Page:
MIT relies on the Glacier Tax Compliance System to help you, as a foreign national, determine your U.S. tax status (non-resident alien vs. resident alien) and whether you are tax exempt because of your home country’s tax treaty with the United States.

Please note that you will need to enter a Social Security number into the Glacier Tax Compliance System. If you don’t have a Social Security number, MIT employees and affiliates can reference the ISchO site and students the ISO site to learn more about applying for one.

In order to determine your tax status, you will need to provide the following documentation:

  • “Tax Summary Report” and “Required Forms” (generated by Glacier)
  • Copies of your DS-2019 or I-20, I-94 and Visa Sticker/Stamp (in Passport)

Please sign and date required documents. Then, create a password protected PDF. The password should be 8 digits and should begin with your 4-digit birth year followed by the last 4 digits of your Social Security number.

Send the PDF file via email to nratax-payroll@mit.edu with subject line Payments from Massachusetts Institute of Technology, followed by your full name and MIT ID number. 

  • For semimonthly-paid individuals, please email your PDFs on or before the 5th of the month for the first paycheck of the month or the 15th of the month for the second paycheck.
  • For weekly-paid individuals, please email your PDFs on or before the first Monday following your arrival.

If your status switches from fellow to employee or vice versa, you must file a new tax treaty exemption claim.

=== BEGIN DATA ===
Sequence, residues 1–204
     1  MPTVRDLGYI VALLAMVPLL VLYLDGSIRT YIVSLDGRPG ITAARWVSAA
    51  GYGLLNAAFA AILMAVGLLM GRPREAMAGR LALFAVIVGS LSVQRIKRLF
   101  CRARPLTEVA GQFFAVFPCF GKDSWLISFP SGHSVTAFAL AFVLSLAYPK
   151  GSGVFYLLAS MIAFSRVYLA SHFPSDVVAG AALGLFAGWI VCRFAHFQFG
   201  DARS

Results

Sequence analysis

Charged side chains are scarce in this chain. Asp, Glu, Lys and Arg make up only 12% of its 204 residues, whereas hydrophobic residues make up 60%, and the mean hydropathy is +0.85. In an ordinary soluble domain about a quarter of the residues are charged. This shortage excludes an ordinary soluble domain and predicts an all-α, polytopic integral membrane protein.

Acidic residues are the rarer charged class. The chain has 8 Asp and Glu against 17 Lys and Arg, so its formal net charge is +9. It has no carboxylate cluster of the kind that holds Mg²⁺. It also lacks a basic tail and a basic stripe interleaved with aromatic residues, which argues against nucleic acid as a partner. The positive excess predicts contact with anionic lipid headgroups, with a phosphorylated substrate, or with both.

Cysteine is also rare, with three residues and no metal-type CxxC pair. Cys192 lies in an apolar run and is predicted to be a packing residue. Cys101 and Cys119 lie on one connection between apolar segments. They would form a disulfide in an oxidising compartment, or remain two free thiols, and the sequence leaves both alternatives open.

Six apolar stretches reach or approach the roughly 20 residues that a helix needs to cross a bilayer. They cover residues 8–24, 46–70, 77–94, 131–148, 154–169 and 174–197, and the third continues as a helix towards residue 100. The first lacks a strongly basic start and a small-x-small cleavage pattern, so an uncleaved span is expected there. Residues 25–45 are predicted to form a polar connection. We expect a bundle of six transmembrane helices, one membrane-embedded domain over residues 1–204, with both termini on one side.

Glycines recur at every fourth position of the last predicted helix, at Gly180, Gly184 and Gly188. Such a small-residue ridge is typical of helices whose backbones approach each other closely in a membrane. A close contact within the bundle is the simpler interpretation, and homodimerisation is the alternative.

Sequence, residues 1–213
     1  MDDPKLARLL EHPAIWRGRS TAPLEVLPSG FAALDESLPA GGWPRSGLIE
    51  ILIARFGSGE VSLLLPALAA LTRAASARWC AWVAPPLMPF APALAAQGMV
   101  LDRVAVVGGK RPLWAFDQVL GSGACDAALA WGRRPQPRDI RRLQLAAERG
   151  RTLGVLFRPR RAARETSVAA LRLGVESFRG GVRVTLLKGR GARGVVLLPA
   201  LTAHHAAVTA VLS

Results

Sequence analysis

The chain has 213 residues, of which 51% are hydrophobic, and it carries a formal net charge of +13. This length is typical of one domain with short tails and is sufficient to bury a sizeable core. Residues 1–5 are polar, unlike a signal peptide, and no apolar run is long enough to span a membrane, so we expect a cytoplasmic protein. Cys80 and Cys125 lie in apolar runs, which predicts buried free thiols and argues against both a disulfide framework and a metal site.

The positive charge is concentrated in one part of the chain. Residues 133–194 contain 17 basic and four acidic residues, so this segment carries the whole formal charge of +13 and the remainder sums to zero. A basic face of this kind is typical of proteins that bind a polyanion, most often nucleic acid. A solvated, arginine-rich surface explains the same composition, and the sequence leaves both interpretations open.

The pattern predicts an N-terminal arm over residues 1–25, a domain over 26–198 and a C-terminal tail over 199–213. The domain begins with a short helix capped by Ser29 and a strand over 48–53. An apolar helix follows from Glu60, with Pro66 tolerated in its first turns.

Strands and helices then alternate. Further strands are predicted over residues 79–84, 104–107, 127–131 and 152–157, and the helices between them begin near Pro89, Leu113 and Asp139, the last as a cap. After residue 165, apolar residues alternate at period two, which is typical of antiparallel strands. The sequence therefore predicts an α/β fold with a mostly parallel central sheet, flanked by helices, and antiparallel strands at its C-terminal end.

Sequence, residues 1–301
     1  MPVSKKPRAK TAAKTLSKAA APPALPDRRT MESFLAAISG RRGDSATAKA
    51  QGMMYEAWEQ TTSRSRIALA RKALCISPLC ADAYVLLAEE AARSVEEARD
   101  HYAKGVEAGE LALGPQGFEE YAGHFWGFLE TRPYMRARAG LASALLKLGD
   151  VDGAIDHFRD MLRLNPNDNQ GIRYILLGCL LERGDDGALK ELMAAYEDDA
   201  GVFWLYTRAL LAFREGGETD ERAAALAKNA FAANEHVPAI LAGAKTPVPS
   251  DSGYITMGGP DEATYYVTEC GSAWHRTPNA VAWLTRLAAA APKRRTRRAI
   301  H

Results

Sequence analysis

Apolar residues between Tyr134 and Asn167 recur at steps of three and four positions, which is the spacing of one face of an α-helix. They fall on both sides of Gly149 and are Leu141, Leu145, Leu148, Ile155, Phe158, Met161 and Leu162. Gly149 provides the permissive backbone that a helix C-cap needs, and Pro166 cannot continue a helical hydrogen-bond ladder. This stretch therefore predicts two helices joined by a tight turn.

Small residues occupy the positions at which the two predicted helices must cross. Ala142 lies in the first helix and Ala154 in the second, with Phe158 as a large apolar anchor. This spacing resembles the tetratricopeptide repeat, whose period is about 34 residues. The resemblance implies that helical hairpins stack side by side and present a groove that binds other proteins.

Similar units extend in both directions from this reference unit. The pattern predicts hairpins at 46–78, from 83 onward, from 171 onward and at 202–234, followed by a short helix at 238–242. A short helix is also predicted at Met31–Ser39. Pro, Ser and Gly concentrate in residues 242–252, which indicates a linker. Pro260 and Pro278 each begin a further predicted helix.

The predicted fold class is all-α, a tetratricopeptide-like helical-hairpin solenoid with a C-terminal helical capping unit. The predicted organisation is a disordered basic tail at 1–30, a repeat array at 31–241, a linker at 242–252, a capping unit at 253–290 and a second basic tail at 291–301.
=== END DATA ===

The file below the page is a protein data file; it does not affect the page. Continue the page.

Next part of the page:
VPF HR/Payroll Assistance

A VPF HR/Payroll foreign national tax specialist holds office hours at the Atlas Service Center in E17-106 on Tuesdays and Thursdays from 10:00 am through 4:30 pm to help international students, faculty, researchers, and staff determine their U.S. tax status.

Log in to Atlas—MIT’s self-service and administrative systems hub—to book these appointments online. See the Atlas Full Catalog menu on the left. Choose Atlas Service Center In-person Services, then Tax Treaty Guidance, to book appointments at the Atlas Service Center. 

 

Change in Tax Status

If you are an MIT affiliate or MIT employee and you become a resident alien for federal tax purposes, you should notify VPF HR/Payroll (nratax-payroll@mit.edu) and complete a new Form W-4 through Atlas if necessary. You are responsible for updating your status, as it is not MIT’s responsibility to report these changes. If you were both a nonresident alien and resident alien during the same tax year, please refer to the FAQ for more information on dual-status reporting.

If your status changes from a nonresident alien to a resident alien, your tax compliance obligations will change. The IRS website provides additional information regarding taxation of U.S. resident aliens.

 

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The content in this website is provided for informational purposes only. MIT does not offer legal, accounting, or tax advice and services. This information should not be used as a substitute for consultation with a professional accounting, tax, or legal advisor. MIT recommends that students consult a tax advisor for individual tax advice.